I had kicked around the idea of Lasik surgery for years, but the idea made me nervous. The turning point for me was the week that two things happened. I had worn a torn contact lens for a few hours during the day (that hurts!) and later that night the nose pad of my bifocals broke off. I decided at that moment that I didn't want to spend another dime on glasses or contact lenses!
My First PRK Surgery
That's when I went to The Schwartz Laser Eye Center in Scottsdale, Arizona for my first PRK surgery six years ago. I chose them because The Schwartz Laser Eye Center is the official LASIK center of the Phoenix Suns, Phoenix Coyotes, and Arizona Diamondbacks. Stellar references!
I was told not to wear my contacts for ten days prior to my exam at the center. During the exam, I learned that my corneas were too thin for Lasik, but that they could still perform PRK to correct my vision. They explained the differences between Lasik and PRK, and also that they could correct my eyes for monovision as well. Since I was used to monovision, I elected to go that route.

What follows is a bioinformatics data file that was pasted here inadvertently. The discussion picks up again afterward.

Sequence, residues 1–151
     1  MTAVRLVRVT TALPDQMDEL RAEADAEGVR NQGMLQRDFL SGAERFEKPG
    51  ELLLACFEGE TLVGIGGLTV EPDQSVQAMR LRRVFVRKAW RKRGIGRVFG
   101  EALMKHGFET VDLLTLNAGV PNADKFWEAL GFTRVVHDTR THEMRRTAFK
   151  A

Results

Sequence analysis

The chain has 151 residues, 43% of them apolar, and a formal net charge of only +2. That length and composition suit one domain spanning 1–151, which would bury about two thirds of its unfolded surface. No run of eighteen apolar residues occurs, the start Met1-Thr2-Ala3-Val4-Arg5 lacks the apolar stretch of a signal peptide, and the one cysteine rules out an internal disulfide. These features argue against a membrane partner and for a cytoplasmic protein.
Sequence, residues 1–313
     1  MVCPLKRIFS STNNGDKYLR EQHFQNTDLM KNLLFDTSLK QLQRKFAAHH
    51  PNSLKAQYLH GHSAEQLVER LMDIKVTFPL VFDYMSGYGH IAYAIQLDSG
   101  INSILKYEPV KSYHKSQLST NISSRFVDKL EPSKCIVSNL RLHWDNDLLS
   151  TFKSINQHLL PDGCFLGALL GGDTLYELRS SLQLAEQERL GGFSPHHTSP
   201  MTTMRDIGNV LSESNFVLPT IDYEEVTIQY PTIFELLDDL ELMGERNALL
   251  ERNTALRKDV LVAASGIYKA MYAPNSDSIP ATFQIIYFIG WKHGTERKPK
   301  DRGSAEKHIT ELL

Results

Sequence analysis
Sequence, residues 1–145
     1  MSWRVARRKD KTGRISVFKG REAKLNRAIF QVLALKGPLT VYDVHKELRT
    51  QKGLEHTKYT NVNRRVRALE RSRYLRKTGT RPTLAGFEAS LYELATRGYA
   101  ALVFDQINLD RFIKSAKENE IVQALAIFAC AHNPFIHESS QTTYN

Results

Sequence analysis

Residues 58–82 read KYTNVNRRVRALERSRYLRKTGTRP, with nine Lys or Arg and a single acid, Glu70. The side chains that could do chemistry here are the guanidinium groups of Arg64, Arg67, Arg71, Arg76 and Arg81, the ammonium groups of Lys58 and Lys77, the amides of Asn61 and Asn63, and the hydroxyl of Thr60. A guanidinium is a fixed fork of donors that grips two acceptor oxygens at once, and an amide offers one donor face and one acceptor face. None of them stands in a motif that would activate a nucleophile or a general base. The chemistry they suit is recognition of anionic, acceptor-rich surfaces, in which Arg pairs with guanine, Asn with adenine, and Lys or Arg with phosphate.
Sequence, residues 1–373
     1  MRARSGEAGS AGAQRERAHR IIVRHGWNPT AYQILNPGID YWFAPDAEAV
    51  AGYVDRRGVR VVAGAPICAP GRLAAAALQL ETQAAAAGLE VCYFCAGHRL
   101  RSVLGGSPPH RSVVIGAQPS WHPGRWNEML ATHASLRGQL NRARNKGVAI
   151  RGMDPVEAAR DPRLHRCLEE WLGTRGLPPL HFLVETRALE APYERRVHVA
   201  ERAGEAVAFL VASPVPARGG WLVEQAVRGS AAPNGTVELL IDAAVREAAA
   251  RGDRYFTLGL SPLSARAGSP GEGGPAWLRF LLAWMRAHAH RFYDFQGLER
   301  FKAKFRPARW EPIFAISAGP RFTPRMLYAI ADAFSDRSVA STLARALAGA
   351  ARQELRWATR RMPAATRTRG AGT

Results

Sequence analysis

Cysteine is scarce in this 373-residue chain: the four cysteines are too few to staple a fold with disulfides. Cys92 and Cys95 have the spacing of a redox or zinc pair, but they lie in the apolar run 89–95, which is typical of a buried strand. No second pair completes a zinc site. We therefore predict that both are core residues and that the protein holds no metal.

The surgery was a piece of cake, and I was amazed at how painless and fast it was! I went home with eye drops and other meds and slept the afternoon away. I had very little pain in one eye, but the other eye was extremely uncomfortable. This concerned me, but when I called the center, they explained that each eye is a separate organ and that it wasn't unusual for them to heal differently. I had never thought of my eyes that way!
The discomfort subsided after a few days, and within a week, my vision was great and I was going about my life as usual. I couldn't believe I had waited so long to have Laser surgery!
Why PRK Laser Surgery a Second Time?
Over the past six years, the vision in my distance eye steadily changed, finally to the point that driving became worrisome. For whatever reason, my eyesight had worsened in this eye, while the vision in my close-up eye worked fine. The Doctor explained that I have signs of early cataracts and gave me the option of a contact lens for that one eye, glasses for driving, or a second surgery on my distance eye only.
I elected to have my distance eye corrected again.
Day of PRK Surgery - Friday